Book Review – Confessions of a Learner Parent by Sam Avery

confessions of a learner parent
Title: Confessions of a Learner Parent
Author: Sam Avery
Publish Date: October 5, 2017
# of Pages: 288
Rating: ⭐️⭐️⭐️


(From Goodreads) ‘I always wanted kids – but then again, I always wanted a loft conversion. Both are pretty easy to put off as they’re very expensive and tend to wreck your house.’

Stand-up comedian Sam Avery (aka the Learner Parent) started his award-winning blog when his twin boys were born. A million nappies, Peppa Pig episodes and a lot less sleep later, he shares all the lows, highs and hilarious in-betweens of his experiences of first-time parenthood in this, his highly anticipated first book.

Sam’s honest, messy and laugh-out-loud account of trying for a baby (which transpired to be babIES) and figuring out what to do with them once they arrived – right up to the toddler years of talking, walking and tantrum-ing – will have you crying with laughter between your own nappy changes and nursery runs.


The Learner Parent is Sam Avery’s comical take on his wife’s pregnancy and the first two years of twin boy’s life.

This book has a lot going for it.

First off, the book is hilarious. Really, some of the things Avery goes through are comic gold. His twins really put him and his wife through the ringer as they wade through poopy diapers,  feedings, and tantrums.

Second, the book makes you feel not so alone as a parent. Parenting is tough work! You become more familiar with another person’s bodily functions than you ever thought possible. Avery lets you know that you’re not alone. Not only are you not alone, but he reminds you that it could be worse (his stories definitely fall into the “worst case” category).

Third, the book reads easily. The humor keeps the book fast-paced, and you can’t help but giggle at the escapades.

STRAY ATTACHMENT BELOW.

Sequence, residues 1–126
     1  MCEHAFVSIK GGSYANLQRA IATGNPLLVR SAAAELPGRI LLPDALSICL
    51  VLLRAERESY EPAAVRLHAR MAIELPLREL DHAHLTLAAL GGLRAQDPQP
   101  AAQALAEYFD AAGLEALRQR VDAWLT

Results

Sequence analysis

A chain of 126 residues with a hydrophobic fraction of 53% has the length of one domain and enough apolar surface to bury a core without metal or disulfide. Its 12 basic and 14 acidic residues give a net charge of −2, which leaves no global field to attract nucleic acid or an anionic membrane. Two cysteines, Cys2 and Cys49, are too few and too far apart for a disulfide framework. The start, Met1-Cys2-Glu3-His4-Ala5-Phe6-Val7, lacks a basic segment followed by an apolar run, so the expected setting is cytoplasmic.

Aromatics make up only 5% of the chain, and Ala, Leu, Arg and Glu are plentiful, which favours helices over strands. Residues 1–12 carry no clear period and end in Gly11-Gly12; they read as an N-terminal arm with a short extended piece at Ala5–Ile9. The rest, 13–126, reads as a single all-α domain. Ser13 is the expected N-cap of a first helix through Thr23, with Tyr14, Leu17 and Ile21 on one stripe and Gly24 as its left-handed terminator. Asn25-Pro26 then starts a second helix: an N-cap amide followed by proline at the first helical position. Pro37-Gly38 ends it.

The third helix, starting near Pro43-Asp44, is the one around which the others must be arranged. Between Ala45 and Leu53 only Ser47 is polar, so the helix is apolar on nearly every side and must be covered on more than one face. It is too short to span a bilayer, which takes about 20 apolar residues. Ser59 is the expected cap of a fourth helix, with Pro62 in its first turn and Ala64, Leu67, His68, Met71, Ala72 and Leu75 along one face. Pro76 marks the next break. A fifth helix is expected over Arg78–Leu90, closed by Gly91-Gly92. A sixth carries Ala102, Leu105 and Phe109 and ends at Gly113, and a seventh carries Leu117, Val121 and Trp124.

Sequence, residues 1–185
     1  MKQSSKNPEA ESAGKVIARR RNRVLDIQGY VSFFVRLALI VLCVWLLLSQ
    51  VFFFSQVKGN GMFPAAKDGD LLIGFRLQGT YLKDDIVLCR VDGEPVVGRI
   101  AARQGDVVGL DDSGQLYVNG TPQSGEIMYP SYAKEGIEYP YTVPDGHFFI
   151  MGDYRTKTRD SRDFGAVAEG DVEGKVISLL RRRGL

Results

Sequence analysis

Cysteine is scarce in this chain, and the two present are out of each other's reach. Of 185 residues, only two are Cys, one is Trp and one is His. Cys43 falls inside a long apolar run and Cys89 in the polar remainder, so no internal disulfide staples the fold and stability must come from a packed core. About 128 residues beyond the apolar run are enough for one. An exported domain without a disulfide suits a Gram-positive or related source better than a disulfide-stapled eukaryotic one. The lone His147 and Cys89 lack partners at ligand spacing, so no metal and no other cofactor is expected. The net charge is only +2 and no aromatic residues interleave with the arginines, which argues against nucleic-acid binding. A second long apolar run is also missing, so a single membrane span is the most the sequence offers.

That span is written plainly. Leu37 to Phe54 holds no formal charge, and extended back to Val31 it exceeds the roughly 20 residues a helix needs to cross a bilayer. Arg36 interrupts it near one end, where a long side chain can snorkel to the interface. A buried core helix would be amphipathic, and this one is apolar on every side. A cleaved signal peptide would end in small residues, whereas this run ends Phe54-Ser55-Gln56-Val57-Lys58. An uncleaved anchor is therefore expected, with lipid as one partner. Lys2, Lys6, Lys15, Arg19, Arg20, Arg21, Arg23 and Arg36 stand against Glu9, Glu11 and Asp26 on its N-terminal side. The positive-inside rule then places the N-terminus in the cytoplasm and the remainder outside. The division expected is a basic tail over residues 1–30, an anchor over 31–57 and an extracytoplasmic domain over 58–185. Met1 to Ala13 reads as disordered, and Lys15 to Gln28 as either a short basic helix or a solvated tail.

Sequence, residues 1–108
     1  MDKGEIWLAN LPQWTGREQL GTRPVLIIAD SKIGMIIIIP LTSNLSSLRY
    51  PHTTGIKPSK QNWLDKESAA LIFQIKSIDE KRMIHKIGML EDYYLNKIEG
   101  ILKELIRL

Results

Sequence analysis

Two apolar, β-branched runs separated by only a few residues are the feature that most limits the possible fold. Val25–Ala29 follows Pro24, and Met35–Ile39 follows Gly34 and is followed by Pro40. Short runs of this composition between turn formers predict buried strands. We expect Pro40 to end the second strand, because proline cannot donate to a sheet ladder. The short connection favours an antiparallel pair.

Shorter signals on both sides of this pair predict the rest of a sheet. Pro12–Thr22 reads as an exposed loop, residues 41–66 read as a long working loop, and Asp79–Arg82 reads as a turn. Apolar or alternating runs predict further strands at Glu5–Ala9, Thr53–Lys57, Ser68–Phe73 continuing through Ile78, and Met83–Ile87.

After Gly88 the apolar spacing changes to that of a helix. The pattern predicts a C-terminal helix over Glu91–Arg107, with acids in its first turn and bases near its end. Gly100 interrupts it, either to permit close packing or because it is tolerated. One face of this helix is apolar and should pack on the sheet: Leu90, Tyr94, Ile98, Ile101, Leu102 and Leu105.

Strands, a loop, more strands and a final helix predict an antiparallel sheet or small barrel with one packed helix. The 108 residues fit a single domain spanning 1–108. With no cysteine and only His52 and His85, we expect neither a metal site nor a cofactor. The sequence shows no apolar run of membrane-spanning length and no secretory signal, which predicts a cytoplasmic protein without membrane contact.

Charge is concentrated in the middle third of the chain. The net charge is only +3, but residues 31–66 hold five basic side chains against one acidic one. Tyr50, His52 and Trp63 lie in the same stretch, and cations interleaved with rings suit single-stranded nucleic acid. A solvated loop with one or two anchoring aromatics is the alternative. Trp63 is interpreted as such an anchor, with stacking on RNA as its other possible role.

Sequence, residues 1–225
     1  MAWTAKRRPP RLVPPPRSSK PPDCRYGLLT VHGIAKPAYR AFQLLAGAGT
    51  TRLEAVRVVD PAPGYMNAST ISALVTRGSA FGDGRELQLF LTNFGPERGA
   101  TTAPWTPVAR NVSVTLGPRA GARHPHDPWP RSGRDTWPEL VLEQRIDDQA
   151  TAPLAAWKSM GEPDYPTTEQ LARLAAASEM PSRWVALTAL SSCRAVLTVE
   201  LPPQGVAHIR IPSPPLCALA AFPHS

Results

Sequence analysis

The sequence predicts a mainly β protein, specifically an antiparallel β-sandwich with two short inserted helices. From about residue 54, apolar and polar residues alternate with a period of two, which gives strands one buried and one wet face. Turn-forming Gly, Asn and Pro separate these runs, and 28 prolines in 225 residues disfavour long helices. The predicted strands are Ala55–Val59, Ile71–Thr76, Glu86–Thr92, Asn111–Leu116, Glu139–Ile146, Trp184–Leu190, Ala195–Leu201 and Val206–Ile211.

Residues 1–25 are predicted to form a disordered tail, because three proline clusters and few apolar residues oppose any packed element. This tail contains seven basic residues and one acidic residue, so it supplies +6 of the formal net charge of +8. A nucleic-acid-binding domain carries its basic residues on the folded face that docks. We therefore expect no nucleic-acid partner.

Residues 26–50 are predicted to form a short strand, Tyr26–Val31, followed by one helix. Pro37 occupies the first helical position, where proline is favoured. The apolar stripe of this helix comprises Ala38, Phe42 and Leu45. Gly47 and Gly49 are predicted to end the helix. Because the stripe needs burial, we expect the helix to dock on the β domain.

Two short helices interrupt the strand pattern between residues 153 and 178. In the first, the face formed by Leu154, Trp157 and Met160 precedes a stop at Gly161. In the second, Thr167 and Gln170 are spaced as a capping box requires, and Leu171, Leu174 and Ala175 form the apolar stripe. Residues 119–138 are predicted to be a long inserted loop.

So why did I only give it three stars?

While I appreciated the humor, at times it was over the top. I felt as though I was drowning in similes and analogies. It wasn’t unusual to have three sentences in a row each with their own unique analogies. It felt like overkill, and it pulled me out the book.

Despite the analogy overload, I still enjoyed the book and would recommend it to others. I would buy this book for expectant parents and hardened parents who have been down in the trenches for years.

Thank you to NetGalley for providing the Kindle version of this book in exchange for an honest review.


Book Stats



“No other part of her had increased in size other than her tummy. (Unless you count her breasts. Her beautiful, plump, irresistable boobs that I was now under strict instructions not to touch on punishment of death. Mother Nature is clearly a massive spoilsport as she gives pregnant ladies the most stunning norks yet makes them completely unbearable to the touch. This left me leering over them like a building-site pervert, knowing that just like the Mountain Laurel flower of North America, as beautiful as they looked, if I touched them I’d probably die.)”

“I don’t care how strong you think you are, nobody is stronger than a baby who doesn’t want to get dressed.”

“Young kids make you feel like you’re under house arrest. But instead of armed guards or electronic tags to keep you in place, you’ve got a feeding regime stricter than the Khmer Rouge and the energy levels of a diabetic sloth that’s cutting out caffeine for Lent.”

“Every child has a favourite teddy. That one little bundle of wool they just can’t live without. People write poetry about their first love, but that’s normally a fleeting experience that ultimately breaks your heart. Your first teddy stays with you forever.”

“That’s because parenthood is a crafty bastard. The second you master something it changes the game so you’re shit at it again.”

Buy It

Check this book out at your local library, or buy it here* on Amazon.

*Note: this is an affiliate link


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